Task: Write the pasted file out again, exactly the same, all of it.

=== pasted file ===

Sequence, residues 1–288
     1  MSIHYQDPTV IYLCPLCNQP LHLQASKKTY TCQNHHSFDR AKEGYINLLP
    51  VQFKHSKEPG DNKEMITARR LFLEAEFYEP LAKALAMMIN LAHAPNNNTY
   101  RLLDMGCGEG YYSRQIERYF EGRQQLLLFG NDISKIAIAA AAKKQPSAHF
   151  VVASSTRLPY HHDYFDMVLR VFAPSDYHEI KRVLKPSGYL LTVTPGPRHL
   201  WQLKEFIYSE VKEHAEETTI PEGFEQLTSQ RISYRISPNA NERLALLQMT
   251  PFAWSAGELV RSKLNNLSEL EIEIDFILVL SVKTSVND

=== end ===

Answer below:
Sequence, residues 1–288
     1  MSIHYQDPTV IYLCPLCNQP LHLQASKKTY TCQNHHSFDR AKEGYINLLP
    51  VQFKHSKEPG DNKEMITARR LFLEAEFYEP LAKALAMMIN LAHAPNNNTY
   101  RLLDMGCGEG YYSRQIERYF EGRQQLLLFG NDISKIAIAA AAKKQPSAHF
   151  VVASSTRLPY HHDYFDMVLR VFAPSDYHEI KRVLKPSGYL LTVTPGPRHL
   201  WQLKEFIYSE VKEHAEETTI PEGFEQLTSQ RISYRISPNA NERLALLQMT
   251  PFAWSAGELV RSKLNNLSEL EIEIDFILVL SVKTSVND